But, I’m Not Sorry; Navigating an unrepentant heart.
Recently I behaved in a way that was sinful. I lost my temper with someone I love because I was furious. I confided in my husband and as usual, he gave sound counsel.
“You need to call her up and say that you’re sorry,” was his simple advice.
“Well,” I said. “Here’s the trouble. I’m not sorry.”
What do you do when you’re not sorry?
Check yourself before you wreck yourself. This is one of my favorite silly sayings. But, to “check myself” is not actually good enough. “Self” is the issue. If left to myself, I might justify my behavior. This is where humility and the transforming power of God comes in to play. Pride and arrogance cause me to place my desires at the center of a situation. With a humble spirit, I must evaluate what has happened, and often the problem is that I have puffed myself up and created a very self-involved, self-centered situation.
“The reward for humility and fear of the Lord are riches, honor and life.” Proverbs 22:4 (ESV).
Humility. As I pondered this, there was a lump in my throat. I was wronged. Why should I be sorry?
First of all, I had sinned by losing my temper. I needed to be honest about my failure. I needed to put the relationship with the person and my relationship with the Lord first. As the Proverb says, humility is the good life. The richness of peace, the restoration of honor, and a full life all awaited me if I would reflect on my action with humility.
“Create in me a clean heart, Oh God. And renew a right spirit within me.” Psalm 51:10.
All the information afforded to me could not make me feel sorry. I needed the Lord. A right spirit was possible, but not without intervention from the Holy Spirit. Sometimes, I have to humble myself before the Lord and asked to be molded and shaped and created into something good. It is a supernatural transformation that I am not capable of apart from God.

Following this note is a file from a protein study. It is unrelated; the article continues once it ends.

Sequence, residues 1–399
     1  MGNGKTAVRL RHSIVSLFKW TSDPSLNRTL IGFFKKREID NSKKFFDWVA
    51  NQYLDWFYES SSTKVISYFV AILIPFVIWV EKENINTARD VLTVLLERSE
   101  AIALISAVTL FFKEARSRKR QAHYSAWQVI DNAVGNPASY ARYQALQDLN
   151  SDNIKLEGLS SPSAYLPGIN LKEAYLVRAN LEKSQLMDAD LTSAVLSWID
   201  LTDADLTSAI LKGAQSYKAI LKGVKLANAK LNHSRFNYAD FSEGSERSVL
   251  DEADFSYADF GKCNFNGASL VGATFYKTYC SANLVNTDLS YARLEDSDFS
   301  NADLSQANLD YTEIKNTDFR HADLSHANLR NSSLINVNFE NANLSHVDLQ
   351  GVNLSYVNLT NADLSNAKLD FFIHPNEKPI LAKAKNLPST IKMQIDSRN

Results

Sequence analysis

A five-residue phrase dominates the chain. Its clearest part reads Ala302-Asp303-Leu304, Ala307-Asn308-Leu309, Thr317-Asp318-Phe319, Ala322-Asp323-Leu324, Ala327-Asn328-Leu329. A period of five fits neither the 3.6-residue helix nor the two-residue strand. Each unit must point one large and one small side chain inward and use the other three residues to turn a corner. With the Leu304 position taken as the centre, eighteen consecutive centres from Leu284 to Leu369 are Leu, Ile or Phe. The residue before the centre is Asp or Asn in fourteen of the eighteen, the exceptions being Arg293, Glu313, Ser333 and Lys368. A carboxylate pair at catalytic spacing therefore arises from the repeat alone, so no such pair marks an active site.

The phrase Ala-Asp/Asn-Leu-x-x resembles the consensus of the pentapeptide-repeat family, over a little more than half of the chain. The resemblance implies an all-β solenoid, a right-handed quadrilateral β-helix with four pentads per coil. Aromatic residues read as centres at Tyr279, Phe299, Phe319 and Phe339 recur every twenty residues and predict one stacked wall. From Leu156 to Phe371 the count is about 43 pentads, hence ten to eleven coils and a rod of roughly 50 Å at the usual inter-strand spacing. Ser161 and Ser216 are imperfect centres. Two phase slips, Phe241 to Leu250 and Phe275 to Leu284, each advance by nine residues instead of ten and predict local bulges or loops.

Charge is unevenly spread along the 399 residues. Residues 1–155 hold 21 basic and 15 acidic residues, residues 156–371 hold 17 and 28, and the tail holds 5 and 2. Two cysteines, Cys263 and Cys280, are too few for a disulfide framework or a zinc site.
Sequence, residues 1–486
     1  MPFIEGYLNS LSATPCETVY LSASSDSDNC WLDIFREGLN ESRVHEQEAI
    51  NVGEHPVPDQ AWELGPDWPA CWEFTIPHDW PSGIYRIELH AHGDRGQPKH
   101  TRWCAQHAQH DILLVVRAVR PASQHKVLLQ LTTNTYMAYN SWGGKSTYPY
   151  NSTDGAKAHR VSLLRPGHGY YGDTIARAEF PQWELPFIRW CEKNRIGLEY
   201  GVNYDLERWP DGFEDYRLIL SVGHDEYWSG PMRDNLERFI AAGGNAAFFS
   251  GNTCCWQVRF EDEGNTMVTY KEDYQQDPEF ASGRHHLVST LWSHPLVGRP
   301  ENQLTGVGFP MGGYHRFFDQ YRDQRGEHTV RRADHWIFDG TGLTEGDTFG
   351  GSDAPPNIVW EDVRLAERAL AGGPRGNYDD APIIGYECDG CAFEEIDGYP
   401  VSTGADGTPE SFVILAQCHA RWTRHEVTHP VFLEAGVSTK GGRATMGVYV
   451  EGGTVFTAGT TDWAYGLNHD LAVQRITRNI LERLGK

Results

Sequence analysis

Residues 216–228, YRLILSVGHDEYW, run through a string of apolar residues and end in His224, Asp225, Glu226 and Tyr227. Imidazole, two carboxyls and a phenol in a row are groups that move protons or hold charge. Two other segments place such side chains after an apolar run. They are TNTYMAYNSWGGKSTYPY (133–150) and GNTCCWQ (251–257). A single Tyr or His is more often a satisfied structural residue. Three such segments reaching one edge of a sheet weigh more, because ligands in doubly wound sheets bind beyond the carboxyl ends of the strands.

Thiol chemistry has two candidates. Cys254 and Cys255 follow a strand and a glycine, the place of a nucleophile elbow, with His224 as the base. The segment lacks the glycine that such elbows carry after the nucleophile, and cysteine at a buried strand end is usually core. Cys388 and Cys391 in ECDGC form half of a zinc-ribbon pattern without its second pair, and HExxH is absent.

“If anyone would come after me, let him deny himself and take up his cross daily and follow me.” Luke 9:23.
When I’m not sorry, it’s because I feel entitled, in control, and deserving. This is contrary to the teaching of Jesus. When I choose to die to myself, I choose obedience to Christ first. Not only that, I choose to put the well-being of others first. I am no longer concerned with what someone owes me, or how I feel, or how I have been treated, or what is in my best interest in a situation. I give of myself for the sake of the other. It is a waste of time to be concerned with how I wish another person would behave, I must take responsibility for my own actions.
Sometimes I can’t bring myself to be sorry because I want to win the fight. To be sorry can feel like defeat. The truth is that the real battle worth fighting is my personal struggle against sin.
(This is not taking into consideration an abusive relationship. This applies to situations where the health of a relationship can be improved because of the transforming work of the Lord in ones own personal life.)
“But exhort one another every day, as long as it is called “today,” that none of you may be hardened by the deceitfulness of sin.” Hebrews 3:13
When my heart is hurt and hard, I must remember that if I am obedient to the teaching of God’s Word, then I must practice the art of encouraging others and building them up. This should sound a lot like dying to myself and putting others first. As Hebrews teaches, this is the cure for a cold, unrepentant heart.
So, what do you do when you’re not sorry and you should be?
Put aside yourself. Confess your sin. Seek the good of the other. If you can’t yet confess the sin to the person, start by confessing it to the Lord. The final goal is to be humble enough to confess your sin to the offended. If you can’t bring yourself to do it, that is ok, God can get you there.